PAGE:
When there is a vacancy in The Quorum of the Twelve Apostles, the President of the Church is the one who ultimately issues the calling to a new apostle. The process of receiving that inspiration includes earnest prayer and discussion with all of the current apostles. President Gordon B. Hinckley shared this after filling a vacancy left by the passing of Elder Marvin J. Ashton in 1994:
“In filling that vacancy, each member of the First Presidency and the Quorum of the Twelve was at liberty to make suggestions. I am confident that in every case, there was solemn and earnest prayer. A choice was then made by the First Presidency, again after solemn and serious prayer. This choice was sustained by the Council of the Twelve. Today, the membership of the Church in conference assembled has sustained that choice.
When Spencer W. Kimball was called to the Twelve
from his biography, ‘Spencer W. Kimball’, written by Edward L. Kimball & Andrew E. Kimball, Jr., (pp. 189-195)
‘Daddy, Salt Lake City is Calling’—When 5 Future Church Presidents Were Called to the Twelve
President Spencer W. Kimball
“Daddy, Salt Lake City is Calling,” were the words that Spencer W. Kimball heard when he walked through the door on July 8th, 1943. Stake President Spencer W. Kimball had casually come home for lunch, as he usually did.
Brother Kimball had received many calls from Salt Lake City through the years. This time felt a little different to him. As he crossed the room to take the phone, he felt an ‘overwhelming feeling’ that he was about to be called to a high position in the Church. He even had a fleeting thought about the two vacancies in the Quorum of the Twelve Apostles, but he quickly dismissed the idea. He upbraided himself for even thinking such a thing.
Spencer picked up the phone, and heard the voice of President J. Reuben Clark.
“Spencer, this is Brother Clark. Do you have a chair handy?”
“Yes, Brother Clark,” Spencer answered.
“The Brethren have just chosen you to fill one of the vacancies in the Quorum.”
Spencer W. Kimball, shocked at those words, ‘sank past the chair to the floor’. He protested to President Clark that such a calling couldn’t possibly be right.
“The Brethren feel that you are the man,” reaffirmed President Clark.
Spencer had learned to never turn down a calling, but he felt so unworthy. Every petty thing he had ever done and every misunderstanding he’d ever had with his fellow man came crashing into his mind.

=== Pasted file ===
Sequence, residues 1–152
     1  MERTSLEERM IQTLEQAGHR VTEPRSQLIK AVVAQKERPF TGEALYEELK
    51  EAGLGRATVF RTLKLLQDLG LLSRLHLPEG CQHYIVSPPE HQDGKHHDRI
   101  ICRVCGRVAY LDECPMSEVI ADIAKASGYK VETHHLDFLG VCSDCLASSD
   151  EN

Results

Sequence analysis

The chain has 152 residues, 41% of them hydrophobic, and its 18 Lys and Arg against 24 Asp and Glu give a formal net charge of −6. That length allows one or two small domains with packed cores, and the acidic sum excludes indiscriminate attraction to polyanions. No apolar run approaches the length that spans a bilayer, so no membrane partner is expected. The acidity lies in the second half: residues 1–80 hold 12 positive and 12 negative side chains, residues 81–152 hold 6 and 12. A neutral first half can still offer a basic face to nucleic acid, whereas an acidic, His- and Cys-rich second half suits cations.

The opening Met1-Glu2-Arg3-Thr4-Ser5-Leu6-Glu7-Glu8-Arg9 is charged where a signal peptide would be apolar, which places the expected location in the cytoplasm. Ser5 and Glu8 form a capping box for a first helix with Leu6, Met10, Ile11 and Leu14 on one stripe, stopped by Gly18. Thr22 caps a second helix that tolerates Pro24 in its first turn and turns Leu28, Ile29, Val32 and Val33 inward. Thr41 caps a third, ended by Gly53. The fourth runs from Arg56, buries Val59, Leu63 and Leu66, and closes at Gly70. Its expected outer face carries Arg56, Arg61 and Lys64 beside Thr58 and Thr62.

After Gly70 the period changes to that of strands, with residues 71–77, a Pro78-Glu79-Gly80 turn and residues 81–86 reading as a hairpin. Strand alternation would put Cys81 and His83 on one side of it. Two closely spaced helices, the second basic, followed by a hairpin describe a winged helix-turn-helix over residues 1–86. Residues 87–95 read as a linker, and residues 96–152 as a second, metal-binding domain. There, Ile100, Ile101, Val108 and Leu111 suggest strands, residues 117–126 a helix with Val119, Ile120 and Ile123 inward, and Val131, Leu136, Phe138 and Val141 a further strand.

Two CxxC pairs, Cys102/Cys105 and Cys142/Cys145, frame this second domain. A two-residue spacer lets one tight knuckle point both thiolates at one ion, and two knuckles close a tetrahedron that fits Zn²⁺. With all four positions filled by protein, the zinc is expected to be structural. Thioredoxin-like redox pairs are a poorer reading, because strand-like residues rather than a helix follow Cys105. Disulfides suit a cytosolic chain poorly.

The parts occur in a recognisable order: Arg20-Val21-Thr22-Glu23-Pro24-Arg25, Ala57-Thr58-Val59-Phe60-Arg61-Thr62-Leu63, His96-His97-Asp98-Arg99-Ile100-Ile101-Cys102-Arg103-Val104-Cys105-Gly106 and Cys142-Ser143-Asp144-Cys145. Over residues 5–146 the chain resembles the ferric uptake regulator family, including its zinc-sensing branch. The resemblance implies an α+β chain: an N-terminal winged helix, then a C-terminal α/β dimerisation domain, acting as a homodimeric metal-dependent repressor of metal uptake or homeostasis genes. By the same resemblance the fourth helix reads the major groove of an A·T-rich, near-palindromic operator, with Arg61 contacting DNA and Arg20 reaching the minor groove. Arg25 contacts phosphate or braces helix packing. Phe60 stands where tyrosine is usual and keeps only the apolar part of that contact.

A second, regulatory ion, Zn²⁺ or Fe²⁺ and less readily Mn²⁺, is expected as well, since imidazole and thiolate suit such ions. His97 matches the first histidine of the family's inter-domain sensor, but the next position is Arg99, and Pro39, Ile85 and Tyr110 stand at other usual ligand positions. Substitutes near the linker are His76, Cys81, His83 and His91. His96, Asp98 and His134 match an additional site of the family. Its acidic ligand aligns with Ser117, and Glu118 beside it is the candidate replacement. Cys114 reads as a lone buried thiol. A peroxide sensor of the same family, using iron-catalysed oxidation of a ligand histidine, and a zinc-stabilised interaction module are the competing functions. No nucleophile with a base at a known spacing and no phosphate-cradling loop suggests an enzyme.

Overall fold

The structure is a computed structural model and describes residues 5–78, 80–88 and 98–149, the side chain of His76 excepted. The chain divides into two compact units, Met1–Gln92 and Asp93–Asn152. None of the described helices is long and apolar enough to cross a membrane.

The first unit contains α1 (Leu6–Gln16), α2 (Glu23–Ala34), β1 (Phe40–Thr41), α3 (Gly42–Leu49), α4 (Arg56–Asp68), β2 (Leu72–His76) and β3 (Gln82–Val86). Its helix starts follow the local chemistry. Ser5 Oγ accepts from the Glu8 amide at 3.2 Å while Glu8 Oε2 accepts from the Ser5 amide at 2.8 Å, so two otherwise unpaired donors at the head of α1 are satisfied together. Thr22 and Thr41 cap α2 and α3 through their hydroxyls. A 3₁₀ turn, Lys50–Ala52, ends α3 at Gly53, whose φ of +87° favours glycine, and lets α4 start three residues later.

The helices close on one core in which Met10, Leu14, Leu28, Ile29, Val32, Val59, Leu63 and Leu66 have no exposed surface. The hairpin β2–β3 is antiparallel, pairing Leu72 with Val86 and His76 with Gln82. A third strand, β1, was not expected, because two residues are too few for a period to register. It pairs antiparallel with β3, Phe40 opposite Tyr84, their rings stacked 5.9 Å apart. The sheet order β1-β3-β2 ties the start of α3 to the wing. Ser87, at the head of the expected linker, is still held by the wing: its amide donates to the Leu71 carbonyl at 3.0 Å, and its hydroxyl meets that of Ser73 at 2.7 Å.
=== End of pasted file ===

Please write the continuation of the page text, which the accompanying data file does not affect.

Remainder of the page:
“It seemed that every person that had ever been offended because of me stood before me to say, ‘How could you be an Apostle of the Lord? You are not worthy. You are insignificant. You shouldn’t accept this calling. You can’t do it.’”
But the calling was real. By now Spencer’s family had gathered around, curious about his tone and exclamations during the call. After he hung up the phone, he turned to his wife and sons.
“They have called me to become an Apostle,” he said.
Spencer’s family stood silent, bewildered for a moment before his wife asked, “Are you sure that you were to be an Apostle?”
Spencer answered that he wasn’t sure. Maybe he had misunderstood. Maybe the calling was to be an Assistant or something else. The family tried to sit down to lunch, which was getting cold. No one had much of an appetite. The boys went outside, and Spencer stretched out on the floor to try to relax for a moment. His mind raced. He thought of the logistics of a move to Salt Lake from their home in Arizona. He would need to give up his business, which was finally becoming prosperous, sell their home, leave friends and the wonderful life they had built through the years.
“But the predominant thought was my own limitations and incapacities and weaknesses and I was overcome. The tears came then, an inexhaustible flood. It had been years since I had shed a tear… But now uncontrollable, I wept and wept. It seemed that all the conflicting thoughts of my mind were trying to wash themselves clear with tears. I was in convulsions of sobbing. My wife was sitting by me on the floor, stroking my hair, trying to quiet me.”
Over the next few days, Spencer and his wife traveled to Colorado on a pre-planned trip to visit their son. After that, they planned to go on to Salt Lake City. Spencer was in anguish, as he berated himself for his shortcomings. He couldn’t sleep, and spent hours in tearful prayer. After six days and nights of constant prayer and no sleep, he was completely exhausted, but still had not received the peace and comfort he needed.
He started a fast, and set out on a hike in the hills of Colorado. He hiked and wept and condemned himself for all of his shortcomings. He pleaded for some peace and assurance that he was acceptable to the Lord. Eventually, that peace came.
“My tears were dry, my soul was at peace. A calm feeling of assurance came over me, doubt and questionings subdued. It was as though a great burden had been lifted. I sat in the tranquil silence surveying the beautiful valley, thanking the Lord for the satisfaction and the reassuring answer to my prayers. Long I meditated here in the peaceful quietude, apart, and I felt nearer my Lord than ever at any time in my life.”
Spencer W. Kimball was sustained to The Quorum of the Twelve Apostles on October 1, 1943. He later became President of the Church on December 30, 1973.
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